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VMWare VCB from iscsi san very slow

mtkaus asked
Last Modified: 2012-05-06
Having an issue backing up full vms in the following environment:
ESX 3.5,VC2.5 Backup Exec 11d
Proxy Server- Dell workstation with W2k3
iSCSI San- Dell CX3-10

Full vms copy very slowly to the proxy when using the 'san' method- a 10 GB vm taking over 2 hours. When I run the backup using the 'nbd' option it copies within 1/2 hour.  I'd be grateful for  any thoughts on what might be the cause?

Watch Question

What type of NIC are you using in your VCB Proxy Server ? Fast Ethernet or Gigabit Ethernet ?


Using a Gigabit Ethernet
Please update a rough diagram of your Network with respect to your VCB Proxy Server and iSCSI SAN Connectivity.


its too simple to do a diagram!  there are 2 network cards in the proxy - one goes into the network switch (cisco gigabit) and the other goes into the san switch (also a gigabit, but only a netgear).  the san also goes into this switch.  the 2 networks are on different subnets.

First of all there is not much to go on here.  It might sound simple, but there are a lot of pieces here.

I would want to prove the NIC on the proxy tied to the SAN is performing as it should.  Crate and Mount a LUN from the SAN on the Proxy as a native volume and find the performance for that link.  This will verify 1/2 the path.  Test  the other side as well if there is any significant traffic at all.  Do this with Windows copy as well as Backup Exec to verify numbers.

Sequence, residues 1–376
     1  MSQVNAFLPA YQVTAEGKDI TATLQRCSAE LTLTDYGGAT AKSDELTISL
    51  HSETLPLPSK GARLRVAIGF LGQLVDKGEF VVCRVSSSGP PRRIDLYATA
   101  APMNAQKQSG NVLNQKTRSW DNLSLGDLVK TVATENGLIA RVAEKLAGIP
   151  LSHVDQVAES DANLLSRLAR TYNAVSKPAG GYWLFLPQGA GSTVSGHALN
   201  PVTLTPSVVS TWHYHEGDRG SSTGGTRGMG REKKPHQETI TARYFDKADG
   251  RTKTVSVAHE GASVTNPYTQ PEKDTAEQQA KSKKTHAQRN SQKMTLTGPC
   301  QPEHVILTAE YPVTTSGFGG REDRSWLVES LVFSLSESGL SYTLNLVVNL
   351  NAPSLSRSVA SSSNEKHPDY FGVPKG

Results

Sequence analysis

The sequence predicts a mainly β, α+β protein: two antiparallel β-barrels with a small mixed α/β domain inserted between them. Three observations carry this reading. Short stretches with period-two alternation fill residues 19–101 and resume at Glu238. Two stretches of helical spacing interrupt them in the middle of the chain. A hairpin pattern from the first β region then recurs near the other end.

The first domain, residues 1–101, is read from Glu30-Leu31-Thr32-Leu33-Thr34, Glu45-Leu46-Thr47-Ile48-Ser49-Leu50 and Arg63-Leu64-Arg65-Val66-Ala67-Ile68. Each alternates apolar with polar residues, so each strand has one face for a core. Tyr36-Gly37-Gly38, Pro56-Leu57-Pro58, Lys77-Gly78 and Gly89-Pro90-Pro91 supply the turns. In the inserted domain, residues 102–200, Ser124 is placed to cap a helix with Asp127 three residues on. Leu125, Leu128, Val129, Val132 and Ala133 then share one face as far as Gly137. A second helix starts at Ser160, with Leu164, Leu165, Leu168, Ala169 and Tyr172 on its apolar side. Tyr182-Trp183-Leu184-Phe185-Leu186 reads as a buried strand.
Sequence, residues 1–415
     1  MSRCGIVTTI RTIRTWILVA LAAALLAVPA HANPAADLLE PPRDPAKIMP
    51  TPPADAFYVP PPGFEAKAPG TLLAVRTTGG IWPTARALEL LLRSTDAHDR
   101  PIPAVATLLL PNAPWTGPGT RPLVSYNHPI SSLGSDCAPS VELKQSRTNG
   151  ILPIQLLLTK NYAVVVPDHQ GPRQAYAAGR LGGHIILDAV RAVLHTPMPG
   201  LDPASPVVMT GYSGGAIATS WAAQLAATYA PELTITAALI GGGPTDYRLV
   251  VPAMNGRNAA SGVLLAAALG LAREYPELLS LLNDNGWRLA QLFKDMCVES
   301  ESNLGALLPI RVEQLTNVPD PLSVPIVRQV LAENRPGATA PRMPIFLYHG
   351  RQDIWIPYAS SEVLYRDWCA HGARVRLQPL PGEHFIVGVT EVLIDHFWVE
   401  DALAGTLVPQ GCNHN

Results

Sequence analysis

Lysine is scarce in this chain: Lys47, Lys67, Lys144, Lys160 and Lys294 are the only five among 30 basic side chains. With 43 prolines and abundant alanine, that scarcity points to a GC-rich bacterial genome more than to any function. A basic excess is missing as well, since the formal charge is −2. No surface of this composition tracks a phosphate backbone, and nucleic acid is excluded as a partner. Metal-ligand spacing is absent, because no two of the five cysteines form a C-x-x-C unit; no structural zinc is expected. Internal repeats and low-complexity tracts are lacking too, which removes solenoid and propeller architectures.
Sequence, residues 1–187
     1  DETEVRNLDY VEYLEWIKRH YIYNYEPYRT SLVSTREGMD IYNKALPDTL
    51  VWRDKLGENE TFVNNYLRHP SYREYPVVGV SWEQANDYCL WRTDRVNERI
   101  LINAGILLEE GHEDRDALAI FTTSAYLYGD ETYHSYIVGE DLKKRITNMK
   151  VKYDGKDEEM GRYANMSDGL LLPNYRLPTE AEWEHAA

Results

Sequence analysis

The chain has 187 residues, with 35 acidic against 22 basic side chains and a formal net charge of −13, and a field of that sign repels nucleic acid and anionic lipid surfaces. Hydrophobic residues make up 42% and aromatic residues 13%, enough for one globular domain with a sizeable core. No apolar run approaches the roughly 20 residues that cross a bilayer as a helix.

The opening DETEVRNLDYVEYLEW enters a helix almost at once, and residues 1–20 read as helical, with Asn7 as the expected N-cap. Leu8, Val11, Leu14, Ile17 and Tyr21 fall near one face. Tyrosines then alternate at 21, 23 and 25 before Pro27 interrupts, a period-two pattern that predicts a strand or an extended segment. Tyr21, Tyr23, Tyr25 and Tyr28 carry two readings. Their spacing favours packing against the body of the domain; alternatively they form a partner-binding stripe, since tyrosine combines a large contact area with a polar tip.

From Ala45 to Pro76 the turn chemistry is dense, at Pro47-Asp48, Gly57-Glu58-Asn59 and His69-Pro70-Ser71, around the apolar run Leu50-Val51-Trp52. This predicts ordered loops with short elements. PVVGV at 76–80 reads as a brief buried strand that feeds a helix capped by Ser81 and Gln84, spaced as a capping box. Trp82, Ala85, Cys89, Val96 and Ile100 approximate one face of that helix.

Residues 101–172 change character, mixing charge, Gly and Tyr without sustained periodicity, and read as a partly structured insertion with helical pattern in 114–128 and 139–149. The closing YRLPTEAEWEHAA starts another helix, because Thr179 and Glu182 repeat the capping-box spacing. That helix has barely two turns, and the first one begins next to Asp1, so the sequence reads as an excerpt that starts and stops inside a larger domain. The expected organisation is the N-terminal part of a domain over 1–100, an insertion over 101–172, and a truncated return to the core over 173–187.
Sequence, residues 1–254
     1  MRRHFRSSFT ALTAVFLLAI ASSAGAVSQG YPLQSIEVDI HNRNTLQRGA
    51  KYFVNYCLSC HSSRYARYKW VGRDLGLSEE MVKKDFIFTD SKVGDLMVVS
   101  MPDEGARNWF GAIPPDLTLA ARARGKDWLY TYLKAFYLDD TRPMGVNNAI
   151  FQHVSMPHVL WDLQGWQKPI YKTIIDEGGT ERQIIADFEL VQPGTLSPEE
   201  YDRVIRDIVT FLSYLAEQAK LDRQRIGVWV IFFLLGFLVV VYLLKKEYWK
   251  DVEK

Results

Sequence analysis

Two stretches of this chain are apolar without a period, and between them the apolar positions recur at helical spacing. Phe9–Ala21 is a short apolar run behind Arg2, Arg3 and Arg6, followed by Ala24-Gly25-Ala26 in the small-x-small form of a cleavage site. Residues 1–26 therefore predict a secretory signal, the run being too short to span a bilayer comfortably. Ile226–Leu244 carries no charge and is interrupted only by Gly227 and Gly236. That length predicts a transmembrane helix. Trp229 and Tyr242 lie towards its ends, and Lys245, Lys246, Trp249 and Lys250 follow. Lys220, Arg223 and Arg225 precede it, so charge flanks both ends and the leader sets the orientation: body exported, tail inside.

Make sure that all the BIOS/NIC and NIC drivers are up to date.  Broadcom and Intel both are sensitive to this, but Broadcom more so.  

What is the second NIC in the proxy?

Try switching the IPs between the NIC and swap cables to see if that changes things.  

Are you running Jumbo frames on either network?

How is Backup Exec configured?  Media Servers?

The key to solving this is to test each component to eliminate them from the problem while taking intoo account the exeact path of the data flow.  (Kind of a "be the packet" approach...)


thanks for the last comment, it all makes perfect sense - easier said than done though in my situation as the whole san is formatted with vmfs so i have no way of creating an ntfs lun.
i will try the nic swap
no jumbo frames running.
backup exec is installed on a media server and is configured to backup the vcb server, but the problem occurs before BE comes into play - during testing it was just the image copy from esx to the vcb server.


Mount the image copy manually and try a file copy to the NUL: device and watch the NIC stats to see if there are errors and what kind of performance you are getting. You can see if the issue is read rate on the lun


Hi - not fully sure what you mean by this - what is the NUL: device?  in the meantime i have swapped the nics and run a san disk mount (as per the fullvm copy) and this is still running very slowly.  According to the task manager networking, the nic is working at <1%.  so i think this discounts the nics and leaves the problem in the SAN?

Excuse me... I cannot quite tell from the post...  

So are you saying that the source of the backups are on the VMFS via VCB and it is slow when copying to another device? (what are you copying to? tape, local disk, another volume on the SAN, etc...)

Also what update level are you running on the ESX and VCB?

These may help explain a bit about the SAN LUN and some backup options as well...

http://kb.vmware.com/selfservice/microsites/search.do?cmd=displayKC&docType=kc&externalId=1003955&sliceId=1&docTypeID=DT_KB_1_1&dialogID=20110236&stateId=1 0 20108842